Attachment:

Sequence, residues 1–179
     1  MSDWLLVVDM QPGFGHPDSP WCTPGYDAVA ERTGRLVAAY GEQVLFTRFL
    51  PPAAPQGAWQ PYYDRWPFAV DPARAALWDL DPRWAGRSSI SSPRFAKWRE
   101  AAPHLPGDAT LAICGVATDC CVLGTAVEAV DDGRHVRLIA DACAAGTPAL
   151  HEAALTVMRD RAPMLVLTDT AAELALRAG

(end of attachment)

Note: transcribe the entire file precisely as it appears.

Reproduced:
Sequence, residues 1–179
     1  MSDWLLVVDM QPGFGHPDSP WCTPGYDAVA ERTGRLVAAY GEQVLFTRFL
    51  PPAAPQGAWQ PYYDRWPFAV DPARAALWDL DPRWAGRSSI SSPRFAKWRE
   101  AAPHLPGDAT LAICGVATDC CVLGTAVEAV DDGRHVRLIA DACAAGTPAL
   151  HEAALTVMRD RAPMLVLTDT AAELALRAG